Navigation Links
UNC study shows potential to revive abandoned cancer drug by nanoparticle drug delivery

CHAPEL HILL, N.C. - Current nanomedicine research has focused on the delivery of established and novel therapeutics. But a UNC team is taking a different approach. They developed nanoparticle carriers to successfully deliver therapeutic doses of a cancer drug that had previously failed clinical development due to pharmacologic challenges. They report their proof of principle findings in the April 30, 2012 early online edition of Proceedings of the National Academy of Sciences.

Wortmannin is a drug that was highly promising as a cancer drug, but its successful preclinical studies did not translate into clinical efficacy because of challenges such as high toxicity, low stability and low solubility (unable to be dissolved in blood).

Andrew Z. Wang, MD, study senior author, says, "Drug development is a difficult and expensive process. For a cancer drug to make it to clinical use, it not only has to be effective against cancer cells, but also needs to have low toxicity, good stability and good solubility. Many promising drugs such as wortmannin failed clinical development because they failed one or more of these requirements. Nanoparticle drug delivery is a breakthrough technology and has the ability to overcome these limitations. Our study is a proof of principle to demonstrate that nanoparticles can renew the clinical potential of many of these 'abandoned' and 'forgotten' drugs.

"We found that the nanoparticle formulation of wortmannin decreased toxicity and increased stability, solubility and effectiveness. Additionally, nanoparticle wortmannin can improve the efficacy of radiotherapy dramatically and is more effective than the most commonly utilized chemotherapeutics. " Wang is a member of UNC Lineberger Comprehensive Cancer Center.

Wang explains, "Most research has focused on established drugs. However, there is a large number of these 'forgotten' drugs that can be revived and re-evaluated using nanoparticle drug delivery. These drugs can provide new targets and offer new strategies that previously didn't exist."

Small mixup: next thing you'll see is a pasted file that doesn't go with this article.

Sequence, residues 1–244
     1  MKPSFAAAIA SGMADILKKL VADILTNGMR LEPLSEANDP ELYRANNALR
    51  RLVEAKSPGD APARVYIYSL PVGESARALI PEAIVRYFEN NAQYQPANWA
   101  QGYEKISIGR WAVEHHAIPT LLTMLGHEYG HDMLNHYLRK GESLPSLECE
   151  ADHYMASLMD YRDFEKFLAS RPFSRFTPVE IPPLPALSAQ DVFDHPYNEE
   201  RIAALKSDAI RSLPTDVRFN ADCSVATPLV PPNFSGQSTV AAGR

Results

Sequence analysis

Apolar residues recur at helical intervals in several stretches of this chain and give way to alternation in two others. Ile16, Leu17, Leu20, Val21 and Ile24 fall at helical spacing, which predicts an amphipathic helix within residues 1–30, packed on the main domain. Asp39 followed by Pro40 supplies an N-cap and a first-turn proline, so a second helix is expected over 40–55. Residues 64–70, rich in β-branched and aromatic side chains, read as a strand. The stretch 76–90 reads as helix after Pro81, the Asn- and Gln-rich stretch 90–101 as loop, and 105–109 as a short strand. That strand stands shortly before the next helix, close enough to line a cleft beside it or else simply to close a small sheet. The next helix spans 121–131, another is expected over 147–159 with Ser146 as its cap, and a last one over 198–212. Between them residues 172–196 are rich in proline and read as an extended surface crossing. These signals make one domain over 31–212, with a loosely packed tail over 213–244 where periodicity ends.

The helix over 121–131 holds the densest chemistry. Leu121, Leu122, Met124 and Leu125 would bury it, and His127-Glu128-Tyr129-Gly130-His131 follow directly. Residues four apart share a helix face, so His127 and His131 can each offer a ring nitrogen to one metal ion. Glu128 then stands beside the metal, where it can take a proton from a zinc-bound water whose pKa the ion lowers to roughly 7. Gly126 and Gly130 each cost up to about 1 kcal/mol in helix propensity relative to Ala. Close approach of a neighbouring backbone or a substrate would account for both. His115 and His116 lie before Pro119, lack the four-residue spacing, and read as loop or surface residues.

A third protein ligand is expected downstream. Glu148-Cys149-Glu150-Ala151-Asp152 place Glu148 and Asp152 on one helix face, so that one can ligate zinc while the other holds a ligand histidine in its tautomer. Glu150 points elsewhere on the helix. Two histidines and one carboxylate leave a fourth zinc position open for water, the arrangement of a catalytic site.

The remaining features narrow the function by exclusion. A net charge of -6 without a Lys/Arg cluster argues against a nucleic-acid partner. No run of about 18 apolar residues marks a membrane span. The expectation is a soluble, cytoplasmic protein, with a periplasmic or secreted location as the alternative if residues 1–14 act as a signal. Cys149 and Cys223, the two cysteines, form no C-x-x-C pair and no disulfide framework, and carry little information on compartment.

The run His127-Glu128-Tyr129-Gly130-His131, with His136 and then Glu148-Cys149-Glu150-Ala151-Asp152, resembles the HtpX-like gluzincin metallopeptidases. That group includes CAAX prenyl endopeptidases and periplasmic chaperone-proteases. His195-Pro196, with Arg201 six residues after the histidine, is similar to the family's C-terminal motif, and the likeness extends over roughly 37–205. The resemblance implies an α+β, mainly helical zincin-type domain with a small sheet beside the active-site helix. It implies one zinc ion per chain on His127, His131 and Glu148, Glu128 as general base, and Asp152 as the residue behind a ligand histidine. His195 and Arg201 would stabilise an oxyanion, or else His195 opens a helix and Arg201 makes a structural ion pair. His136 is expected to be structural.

The team will now focus on further development of the nanoparticle wortmannin as well as look into developing nanoparticle formulation of other abandoned drugs.

Contact: Dianne G. Shaw
University of North Carolina School of Medicine

Related medicine news :

1. Clues to Slacker Behavior Found in Brain, Study Says
2. Women More Likely to Survive Melanoma Than Men: Study
3. Study finds that patient education videos viewed before an operation may benefit patients
4. Interpreting the Avastin-Lucentis study for persons with macular degeneration
5. Study Downplays Risk of CT Scans
6. Seniors Undertreated for Asthma, and Many Skip Inhalers: Study
7. Tasers Can Trigger Fatal Heart Trouble, Study Says
8. New study identifies how information technology is used to solve global health challenges
9. Here Are the Women Who Need Mammograms in Their 40s: Study
10. Many Asthmatic Kids Harmed by Secondhand Smoke: Study
11. Tasers Can Trigger Fatal Heart Trouble: Study
Post Your Comments:
Related Image:
UNC study shows potential to revive abandoned cancer drug by nanoparticle drug delivery
(Date:6/27/2016)... (PRWEB) , ... June 27, 2016 , ... "FCPX editors ... customizable inside of Final Cut Pro X," said Christina Austin - CEO of Pixel ... style. Final Cut Pro X users can now reveal the media of ...
(Date:6/26/2016)... ... June 27, 2016 , ... Quality metrics are proliferating in cancer ... they remain in the eye of the beholder, according to experts who offered insights ... American Journal of Managed Care. For the full issue, click here . , ...
(Date:6/26/2016)... ... June 26, 2016 , ... Many women ... diagnosed with endometriosis. These women need a treatment plan to not only alleviate ... that can help for preservation of fertility and ultimately achieving a pregnancy. The ...
(Date:6/25/2016)... ... June 25, 2016 , ... First Choice Emergency Room , the largest ... as the Medical Director of its new Mesquite-Samuell Farm facility. , “We are ... Mesquite location,” said Dr. James M. Muzzarelli, Executive Medical Director of First Choice Emergency ...
(Date:6/24/2016)... Los Angeles, CA (PRWEB) , ... June 24, 2016 , ... ... plastic surgery procedures that most people are unfamiliar with. The article goes on to ... known procedures, but also many of these less common operations such as calf and ...
Breaking Medicine News(10 mins):
(Date:6/24/2016)... 24, 2016   Bay Area Lyme Foundation ... Dean Center for Tick Borne Illness , Harvard ... MIT Hacking Medicine, University of California, Berkeley, and ... the five finalists of Lyme Innovation , ... than 100 scientists, clinicians, researchers, entrepreneurs, and investors ...
(Date:6/24/2016)... June 24, 2016 Dehaier Medical Systems Ltd. ... which develops, markets and sells medical devices and wearable ... signed a strategic cooperation agreement with Hongyuan Supply Chain ... Chain") on June 20, 2016, to develop Dehaier,s new ... cooperation agreement, Dehaier will leverage Hongyuan Supply Chain,s sales ...
(Date:6/24/2016)... , June 24, 2016   Pulmatrix, Inc ., ... developing innovative inhaled drugs, announced today that it was ... Investments reconstituted its comprehensive set of U.S. and ... "This is an important milestone for Pulmatrix," said Chief ... shareholder awareness of our progress in developing drugs for ...
Breaking Medicine Technology: